It is a strange time to be talking about comedy, with news of the passing of Robin Williams less than a week old. Since then, the media has been preoccupied with what is now rather tastelessly being referred to as ‘grief porn’, and the notion that most comedians are funny in an attempt to hide their suffering. Bird shakes his head.
“I don’t buy into that, really,” he says. “To take an example of one of the writers, Damon – I was going to say Iain, but then I thought, well, Iain actually is a bit of a tragic writer, isn’t he? – but Damon is quite an uncomplicated guy. He’s just a nice, happy, funny man. I think there are just some sad people who are funny. I certainly don’t think being depressed makes you funny, just as I don’t think being funny makes you depressed.”
“I find it a bit of a shame that it’s thought of as some dark secret that he had depression,” Thomas agrees. “It actually made me a bit sad to see some of the coverage, with all this, ‘[Williams’] demons have tormented him all his life!’ I don’t know about that. I don’t know why we can’t just mourn someone’s death. But that being said, there often is darkness to good comedy. That’s one of the reasons why comedy exists – it’s a way of finding a laugh in a sad situation. But you don’t need the darkness is order to be funny. One of the roles it can play is that it lightens you after seeing something sad, but it can also just be playful and silly and surreal. There’s often a bit of a game to comedy, with banter that you’re trying to use as a way to kind of beat the other person.”
“I think it’s just a coincidence,” Buckley says. “This myth that [comedians] use up all their funny, all their joy while they’re working, and when they get home again all they have is the sad. If you have depression, you have depression. It happens to people from all walks of life. If you suffer from a mental illness, it doesn’t matter if you’re famous or a comedian, it should be treated the same.”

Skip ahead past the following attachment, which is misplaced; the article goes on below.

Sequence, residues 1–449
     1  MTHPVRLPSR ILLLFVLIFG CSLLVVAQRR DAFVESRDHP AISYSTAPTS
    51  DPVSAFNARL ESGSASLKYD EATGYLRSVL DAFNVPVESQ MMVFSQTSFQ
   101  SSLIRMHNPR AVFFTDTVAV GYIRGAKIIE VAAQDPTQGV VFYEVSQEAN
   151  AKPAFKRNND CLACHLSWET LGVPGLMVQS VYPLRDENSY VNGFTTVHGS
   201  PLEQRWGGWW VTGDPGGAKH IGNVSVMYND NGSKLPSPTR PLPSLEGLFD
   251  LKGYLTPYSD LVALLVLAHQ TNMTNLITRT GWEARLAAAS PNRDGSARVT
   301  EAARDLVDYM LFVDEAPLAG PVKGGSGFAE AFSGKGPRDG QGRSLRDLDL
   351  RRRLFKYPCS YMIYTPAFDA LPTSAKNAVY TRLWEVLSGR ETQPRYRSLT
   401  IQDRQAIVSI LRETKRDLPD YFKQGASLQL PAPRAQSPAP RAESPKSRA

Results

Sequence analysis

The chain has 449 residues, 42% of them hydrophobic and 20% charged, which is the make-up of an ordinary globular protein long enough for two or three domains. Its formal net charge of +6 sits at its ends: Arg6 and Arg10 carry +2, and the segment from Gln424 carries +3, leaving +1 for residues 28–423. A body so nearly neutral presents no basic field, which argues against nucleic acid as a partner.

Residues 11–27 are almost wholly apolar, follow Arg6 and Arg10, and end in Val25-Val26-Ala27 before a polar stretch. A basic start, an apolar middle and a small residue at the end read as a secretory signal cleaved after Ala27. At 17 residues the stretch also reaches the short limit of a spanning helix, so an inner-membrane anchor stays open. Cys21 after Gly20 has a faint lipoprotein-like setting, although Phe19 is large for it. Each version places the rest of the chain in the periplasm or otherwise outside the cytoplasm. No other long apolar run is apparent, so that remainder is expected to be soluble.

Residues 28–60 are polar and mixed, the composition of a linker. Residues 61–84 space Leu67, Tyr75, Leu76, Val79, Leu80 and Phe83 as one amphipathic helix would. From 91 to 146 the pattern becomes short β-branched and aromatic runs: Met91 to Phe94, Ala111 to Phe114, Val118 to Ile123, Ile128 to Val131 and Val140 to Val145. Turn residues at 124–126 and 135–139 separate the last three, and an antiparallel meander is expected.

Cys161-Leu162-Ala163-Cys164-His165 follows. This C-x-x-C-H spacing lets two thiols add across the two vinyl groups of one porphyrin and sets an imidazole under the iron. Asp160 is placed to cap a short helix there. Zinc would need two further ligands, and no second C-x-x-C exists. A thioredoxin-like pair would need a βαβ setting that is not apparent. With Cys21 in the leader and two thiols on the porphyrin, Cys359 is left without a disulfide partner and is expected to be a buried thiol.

Once a certain level of familiarity (or notoriety) is reached, the pressure to always be ‘on’ must become a rather constant, unwelcome companion to a comedian. One of the hallmarks of Williams’ career, of course, was the exuberance of his improvisational skills, and in a rapid-paced film like The Inbetweeners II it is amusing to imagine the hijinks and gaffs that never made it into the final cut. This, however, is not entirely the case.
“There’s definitely more improv in this film than there has been in our previous outings.” It’s the first time I’ve heard Harrison talk, and I still haven’t quite shaken the affable ditzyness of his irritable-bowel-suffering character Neil. “But ultimately, it’s written by Iain and Damon, who are just great comedic writers and who go through so many drafts making sure that every joke lands and that they’re perfect for us. There’s very little need for improvisation, because it’s all there on the page. I think it would almost be quite rude if we thought we could come up with something on the spur of the moment that is better than something they’ve been working on for over a year.”
“Whenever people meet us they’re kind of disappointed that we don’t have any jokes,” Thomas laughs. “Iain and Damon write these great jokes for us. We don’t have these one-liners to constantly drop when we’re on our own. I mean, our characters are not impressive, so trying to live up to them is probably not that hard. They’re not heroic, they’re just kind of standard people.”
“Though we can pull off being awkward,” Bird is quick to assure. “Oh, we’re quite good at that.”
The Inbetweeners 2 (dir. Iain Morris and Damon Beesley) is in cinemas Thursday August 21.